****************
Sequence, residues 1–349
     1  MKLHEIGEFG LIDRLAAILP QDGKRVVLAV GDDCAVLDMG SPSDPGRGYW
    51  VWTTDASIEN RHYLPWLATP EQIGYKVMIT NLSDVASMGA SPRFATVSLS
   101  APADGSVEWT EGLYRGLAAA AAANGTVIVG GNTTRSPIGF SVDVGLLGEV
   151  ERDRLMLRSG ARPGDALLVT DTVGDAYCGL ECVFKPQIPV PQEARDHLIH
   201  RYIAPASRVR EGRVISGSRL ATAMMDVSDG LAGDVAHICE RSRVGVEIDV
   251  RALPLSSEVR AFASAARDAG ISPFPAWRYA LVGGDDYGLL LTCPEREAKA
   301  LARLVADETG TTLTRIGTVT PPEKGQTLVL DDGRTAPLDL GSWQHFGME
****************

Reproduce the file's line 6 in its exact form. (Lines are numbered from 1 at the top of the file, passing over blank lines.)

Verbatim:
   201  RYIAPASRVR EGRVISGSRL ATAMMDVSDG LAGDVAHICE RSRVGVEIDV